Biden leans on empathy as election nears



Democratic presidential candidate former Vice President Joe Biden speaks in Wilmington, Del., Friday Sept. 4, 2020. (AP Photo/Carolyn Kaster)

After a turbulent summer that saw a national reckoning on race and a persistent pandemic, the upcoming presidential election must be able to respond to the needs of a passionate electorate.

Unlike the 2016 presidential election when the major candidates were often referred to as the “lesser of two evils” by their supporters, presidential candidates are put under higher scrutiny as voters not only look to their advertised policies, but to their history in politics. 

Jeffrey Blevins, head of the journalism department at the University of Cincinnati, said that voters want an experienced candidate but a candidate’s history impacts the public’s perception of their policy stance.

“The thing that comes with experience, you know, you have a record,” Blevins said. “And then there’s a lot more things that your political opponents can dig into and frame a certain way.”

Former vice president Joe Biden is the official Democratic nominee for the 2020 election. He runs on a campaign that advocates for racial justice by promising to close the economic disparities that disproportionately affect Black and Brown Americans.

Biden also claims to want criminal justice reform but has not taken a strong stand against law enforcement. Instead, one of Biden’s policies is to reinvigorate community-oriented policing and provide a 300 million dollar investment into hiring community police officers under the condition that they “mirror the racial diversity of the community they serve.”

Speculation on Biden’s stance on police brutality largely concerns his role in anti-crime legislation in the 1980s and 1990s that is often credited for the increase of mass incarceration in America’s Black communities. Biden was a key senator in the construction of The Violent Crime Control and Law Enforcement Act of 1994, also referred to as the 1994 Crime Bill. 

The bill provided $8.7 billion dollars for states to build more prisons. Biden has defended the law in the past and is quoted saying that the bill did not generate mass incarceration in a statement in Nashua, New Hampshire on May 2019. 

Despite this stance on the 1994 Crime Bill, Biden still promises to promote racial equality if elected to office. He insists that the U.S. Justice Department address systemic misconduct in police departments on the national level, end incarceration for drug use and expand on reformative alternatives to detention.

Blevins said that Biden may need to reframe his stance on racial injustice as a result of his track record in politics.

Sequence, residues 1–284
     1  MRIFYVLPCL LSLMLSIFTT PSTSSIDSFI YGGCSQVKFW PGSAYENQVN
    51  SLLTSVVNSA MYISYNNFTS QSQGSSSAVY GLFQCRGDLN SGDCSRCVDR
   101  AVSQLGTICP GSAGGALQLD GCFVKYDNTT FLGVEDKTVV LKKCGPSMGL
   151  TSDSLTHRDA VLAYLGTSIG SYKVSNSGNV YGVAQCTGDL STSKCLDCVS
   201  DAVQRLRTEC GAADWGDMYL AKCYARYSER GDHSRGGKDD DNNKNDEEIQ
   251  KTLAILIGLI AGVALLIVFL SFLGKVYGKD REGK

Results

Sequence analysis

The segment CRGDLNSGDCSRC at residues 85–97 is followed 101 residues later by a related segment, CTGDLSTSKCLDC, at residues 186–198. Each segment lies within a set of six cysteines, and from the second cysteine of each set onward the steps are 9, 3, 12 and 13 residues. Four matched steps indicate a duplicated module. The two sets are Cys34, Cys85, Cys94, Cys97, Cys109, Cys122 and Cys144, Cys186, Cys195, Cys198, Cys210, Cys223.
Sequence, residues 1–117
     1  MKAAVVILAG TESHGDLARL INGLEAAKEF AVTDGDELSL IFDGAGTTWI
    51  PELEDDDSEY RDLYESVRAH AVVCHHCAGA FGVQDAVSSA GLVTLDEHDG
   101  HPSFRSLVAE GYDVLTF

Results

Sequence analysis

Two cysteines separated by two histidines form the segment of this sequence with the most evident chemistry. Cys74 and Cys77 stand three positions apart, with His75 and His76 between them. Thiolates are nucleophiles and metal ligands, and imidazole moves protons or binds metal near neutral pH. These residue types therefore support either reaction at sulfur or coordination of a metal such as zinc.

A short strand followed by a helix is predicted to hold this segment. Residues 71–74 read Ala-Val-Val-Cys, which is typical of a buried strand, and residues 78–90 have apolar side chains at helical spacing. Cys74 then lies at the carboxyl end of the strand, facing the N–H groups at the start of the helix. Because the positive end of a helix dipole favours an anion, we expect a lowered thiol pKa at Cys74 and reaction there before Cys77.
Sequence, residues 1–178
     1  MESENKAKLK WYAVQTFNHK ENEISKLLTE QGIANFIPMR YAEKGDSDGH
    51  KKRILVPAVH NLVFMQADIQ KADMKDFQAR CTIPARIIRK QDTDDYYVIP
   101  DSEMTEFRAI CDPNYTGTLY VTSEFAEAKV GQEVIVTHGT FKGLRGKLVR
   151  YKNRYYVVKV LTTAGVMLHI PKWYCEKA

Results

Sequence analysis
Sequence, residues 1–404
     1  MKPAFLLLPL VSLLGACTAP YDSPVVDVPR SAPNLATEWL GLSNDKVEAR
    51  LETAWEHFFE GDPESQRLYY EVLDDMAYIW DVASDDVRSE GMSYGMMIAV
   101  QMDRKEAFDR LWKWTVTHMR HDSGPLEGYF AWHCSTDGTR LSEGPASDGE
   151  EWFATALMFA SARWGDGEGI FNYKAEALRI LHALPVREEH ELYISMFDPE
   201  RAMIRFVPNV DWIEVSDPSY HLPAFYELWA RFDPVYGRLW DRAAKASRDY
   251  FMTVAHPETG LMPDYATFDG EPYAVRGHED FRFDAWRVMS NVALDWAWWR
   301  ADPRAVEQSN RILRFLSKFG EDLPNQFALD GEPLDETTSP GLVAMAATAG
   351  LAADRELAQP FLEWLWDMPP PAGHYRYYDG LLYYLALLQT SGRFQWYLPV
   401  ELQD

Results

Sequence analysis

“There’s a longer track record you have to pick up and it’s not to say that, you know, he can’t change his mind, he can’t change his position based on where he was and where the country was in the 1990s,” Blevins said.

From the start of the pandemic, President Donald Trump has been critiqued for his delayed and ineffective response in handling the virus. An Associated Press poll shows that 8 in 10 Democrats say that the current government has not done enough to assist an individual’s financial issues with COVID-19.

Joe Biden’s plan, if elected, is to provide free COVID testing, increase production of personal protection and set up a national tracing program so Americans can determine the level of national transmission within their zip codes.

Dylan Suffredini, an undergraduate at the University of Chicago and a former field intern for Kamala Harris’ presidential campaign, said that Biden has experience in dealing with a virus outbreak because of his experience as vice president during the Obama administration.

“And so I think that, you know, Biden is somebody who listens to the scientists who does what the epidemiologists tell him to because he understands that this is an issue that has literally killed almost 200,000 Americans,” Suffredini said.

President Trump’s early response to COVID-19 was to dismiss the virus, and stated throughout the early months of the outbreak that the United States “has it under control.” As the coronavirus became increasingly out of hand in the United States, President Trump allocated responsibility to state governors to control the virus. 

The United States still leads in coronavirus cases, according to the Johns Hopkins Coronavirus Resource Center with 6.2 million cases. This is compared to the next leading country, Brazil, with 4.1 million cases. 

 Kellen Brown, a sophomore political science major at DePaul University, said he believes the United States could have had a quicker and more effective response to the COVID-19 outbreak.

“I think that what’s kind of been shown from this is that coronavirus in the United States has gotten completely out of hand,” Brown said. “Because of the complete lack of federal oversight and federal guidance and direction, which is exactly what this nation needs and looks to depend on in times of crisis.”